Age and Service Requirements • While not required, most employers prefer age & service requirements to avoid administrative expense of short-term employees • No need to cover college students in summer jobs • Generally, cannot require more than 1 year of service before eligibility • (Exception: may require 2 year waiting period if then provide 100% vesting upon entry) • An employee age 21+ must be allowed to participate (if meets other requirements)
Age & Service Example • If employee is hired at age 18, employer may require that she wait 3 years to participate • If employee hired at age 30, employer may require only a 1 year wait • Small employers with high turnover may benefit from 2-year / 100% vesting rule (if few employees last that long!)
Older Ages • In a defined benefit plan, the cost of funding a fixed monthly retirement benefit rises steeply with age • Ex: To fund a fixed monthly benefit starting at age 65 will cost the firm 30 times more for a 60 year old than a 30 year old • Age discrimination law prohibits exclusion from pension based on age • May define “normal retirement age” such that employee requires 5 years of service no matter their age
Definition of Service • “Year of service” is generally 12-month period during which employee has 1,000 of work. • Complex set of “breaks in service” rules • Allows employee with break in service to lose credit for service prior to the break
Coverage Tests for Non-Discrimination • A qualified plan must satisfy one of two “coverage tests” • Ratio Percentage Test: The plan must cover a % of non-highly compensated employees (NHCE) that is at least 70% of the % of highly compensated employees (HCE) covered • Average Benefit Test: The average benefit as a % of compensation for NHCEs must be at least 70% of that for HCEs • HCE: Owns more than 5% of employer, OR, received compensation exceeding a threshold ($110,000 in 2009 – indexed for inflation)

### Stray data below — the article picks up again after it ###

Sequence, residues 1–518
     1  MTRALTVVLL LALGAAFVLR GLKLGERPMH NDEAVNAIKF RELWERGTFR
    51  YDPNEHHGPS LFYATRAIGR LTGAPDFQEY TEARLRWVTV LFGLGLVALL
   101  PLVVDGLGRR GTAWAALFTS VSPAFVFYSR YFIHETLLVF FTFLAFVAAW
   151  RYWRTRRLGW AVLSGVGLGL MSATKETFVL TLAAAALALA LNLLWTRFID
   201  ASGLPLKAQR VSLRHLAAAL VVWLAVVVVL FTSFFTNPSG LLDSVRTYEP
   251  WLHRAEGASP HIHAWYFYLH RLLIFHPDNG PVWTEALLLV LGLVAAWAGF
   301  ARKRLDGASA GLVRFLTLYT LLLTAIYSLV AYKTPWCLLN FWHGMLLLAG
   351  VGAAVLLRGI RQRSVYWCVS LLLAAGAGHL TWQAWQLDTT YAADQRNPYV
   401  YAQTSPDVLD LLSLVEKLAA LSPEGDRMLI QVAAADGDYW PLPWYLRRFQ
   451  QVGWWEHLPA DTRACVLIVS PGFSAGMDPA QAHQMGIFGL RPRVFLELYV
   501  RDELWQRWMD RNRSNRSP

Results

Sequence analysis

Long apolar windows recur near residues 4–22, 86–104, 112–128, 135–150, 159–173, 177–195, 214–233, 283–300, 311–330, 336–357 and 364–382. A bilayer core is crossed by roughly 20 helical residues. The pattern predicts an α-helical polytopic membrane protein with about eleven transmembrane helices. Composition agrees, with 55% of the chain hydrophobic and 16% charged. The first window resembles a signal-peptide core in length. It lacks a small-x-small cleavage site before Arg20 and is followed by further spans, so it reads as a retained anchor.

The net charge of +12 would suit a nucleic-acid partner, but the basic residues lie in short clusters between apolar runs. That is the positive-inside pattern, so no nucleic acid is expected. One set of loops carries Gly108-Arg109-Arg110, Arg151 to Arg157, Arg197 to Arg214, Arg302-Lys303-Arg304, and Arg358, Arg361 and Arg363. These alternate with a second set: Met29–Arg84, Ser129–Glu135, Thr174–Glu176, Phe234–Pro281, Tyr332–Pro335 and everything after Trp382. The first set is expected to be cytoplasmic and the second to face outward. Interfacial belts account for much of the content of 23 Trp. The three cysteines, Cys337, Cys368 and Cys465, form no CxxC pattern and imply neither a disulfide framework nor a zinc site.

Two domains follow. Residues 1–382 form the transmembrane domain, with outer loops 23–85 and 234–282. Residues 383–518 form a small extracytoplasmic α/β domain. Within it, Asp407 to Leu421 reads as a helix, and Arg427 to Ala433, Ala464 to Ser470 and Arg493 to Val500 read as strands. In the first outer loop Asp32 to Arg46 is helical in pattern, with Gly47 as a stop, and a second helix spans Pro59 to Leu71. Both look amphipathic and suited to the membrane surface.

Example of Ratio Percentage Test • Suppose firm has 5 HCEs, 4 of which participate in the plan = 80% participation rate by HCEs • If there are 20 NHCEs, then at least 70% * 80% * 20 = 11.2 of these NHCEs must participate to meet coverage test
Vesting • A “vested” benefit means that it is non-forfeitable, i.e., cannot be taken away • Employee contributions are always 100% vested • Employer contributions must vest at least as fast as two methods • Cliff vesting • Three- to Seven-Year Vesting
Cliff Vesting • Cliff vesting, also known as “five-year vesting,” requires that an employee with at least 5 years of service be 100% vested in the employer provided portion of the accrued benefit • It is okay to have 0% vesting up until the five year mark
Three- to Seven-Year Vesting • Requires at least 20% vesting after 3 years, 40% after 4 years, … 100% after 7 years. • Note: all years of service must be considered, even years prior to plan participation • Exception – can ignore years before age 18 • “Top heavy” plans (defined later) must vest more quickly
Cliff vs. 3-to-7-Year Vesting % Vested Years of service